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This command works fine:

$ bash -s stable < <(curl -s

However, I don't understand how exactly stable is passed as a parameter to the shell script that is downloaded by curl. That's the reason why I fail to achieve the same functionality from within my own shell script - it gives me ./ 2: Syntax error: redirection unexpected:

$ cat 
bash -s stable < <(curl -s

So, the questions are: how exactly this stable param gets to the script, why are there two redirects in this command, and how do I change this command to make it work inside my script?

share|improve this question the way, using file extensions for scripts is considered bad form -- if someone starting yourcommand has to call, what do you do when it's rewritten in Perl or Python? Make all the callers change their scripts, or have a misleading name? Neither is much fun. –  Charles Duffy Mar 13 '12 at 14:51
I think you actually have multiple questions here -- one is wondering why the < <() thing is happening, another is the use of bash -s and the handling the command-line arguments. These should probably be asked as separate questions rather than conflated. –  Charles Duffy Mar 13 '12 at 15:07

1 Answer 1

up vote 10 down vote accepted

Regarding the "redirection unexpected" error:

That's not related to stable, it's related to your script using /bin/sh, not bash. The <() syntax is unavailable in POSIX shells, which includes bash when invoked as /bin/sh (in which case it turns off nonstandard functionality for compatibility reasons).

Make your shebang line #!/bin/bash.

Understanding the < <() idiom:

To be clear about what's going on -- <() is replaced with a filename which refers to the output of the command which it runs; on Linux, this is typically a /dev/fd/## type filename. Running < <(command), then, is taking that file and directing it to your stdin... which is pretty close the behavior of a pipe.

To understand why this idiom is useful, compare this:

read foo < <(echo "bar")
echo "$foo"

to this:

echo "bar" | read foo
echo "$foo"

The former works, because the read is executed by the same shell that later echoes the result. The latter does not, because the read is run in a subshell that was created just to set up the pipeline and then destroyed, so the variable is no longer present for the subsequent echo.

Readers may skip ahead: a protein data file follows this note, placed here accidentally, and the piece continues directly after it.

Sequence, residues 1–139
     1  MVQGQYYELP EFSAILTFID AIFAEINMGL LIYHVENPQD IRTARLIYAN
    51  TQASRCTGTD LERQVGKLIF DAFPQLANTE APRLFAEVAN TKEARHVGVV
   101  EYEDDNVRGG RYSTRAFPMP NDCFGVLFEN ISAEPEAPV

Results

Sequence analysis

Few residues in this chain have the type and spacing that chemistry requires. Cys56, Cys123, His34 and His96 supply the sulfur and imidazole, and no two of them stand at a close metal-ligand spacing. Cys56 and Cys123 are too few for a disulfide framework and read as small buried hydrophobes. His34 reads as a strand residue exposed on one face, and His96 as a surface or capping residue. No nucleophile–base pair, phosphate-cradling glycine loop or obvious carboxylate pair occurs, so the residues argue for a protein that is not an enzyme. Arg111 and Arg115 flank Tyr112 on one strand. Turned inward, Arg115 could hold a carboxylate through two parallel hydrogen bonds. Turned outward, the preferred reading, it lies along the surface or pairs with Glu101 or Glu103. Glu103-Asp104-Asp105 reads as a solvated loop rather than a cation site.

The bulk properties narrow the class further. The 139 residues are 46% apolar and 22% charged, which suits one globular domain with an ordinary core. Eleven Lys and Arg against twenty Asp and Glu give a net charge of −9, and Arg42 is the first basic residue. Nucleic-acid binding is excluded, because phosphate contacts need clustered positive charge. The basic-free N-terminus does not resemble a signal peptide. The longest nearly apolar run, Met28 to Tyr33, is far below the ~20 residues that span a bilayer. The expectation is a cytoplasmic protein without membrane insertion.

Understanding bash -s stable:

bash -s indicates that the script to run will come in on stdin. All arguments, then, are fed to the script in the $@ array ($1, $2, etc), so stable becomes $1 when the script fed in on stdin is run.

share|improve this answer
and is there any alternative to <() in just sh? –  Oleg Mikheev Mar 13 '12 at 14:52
Not to <() in the general case, but to the specific case of < <(), yes -- instead of command_one < <(command_two), run command_two | command_one. They're not quite equivalent in terms of exit status handling and such, and very not equivalent if command_one is setting variables or otherwise changing your current shell, but it'll work for your case here. –  Charles Duffy Mar 13 '12 at 14:53
the problem is that stable is not a command - it is a string literal that is passed to command_two as a parameter... –  Oleg Mikheev Mar 13 '12 at 14:59
What does that have to do with anything? It certainly isn't related to the "redirection unexpected" error. bash -s simply indicates that commands should be run from stdin, and the stable, yes, is an argument which is set to $1 during that script's execution. –  Charles Duffy Mar 13 '12 at 15:03
It's not related to the error, but it's related to the command_two | command_one syntax, the script doesn't do read - it expects a param –  Oleg Mikheev Mar 13 '12 at 15:07

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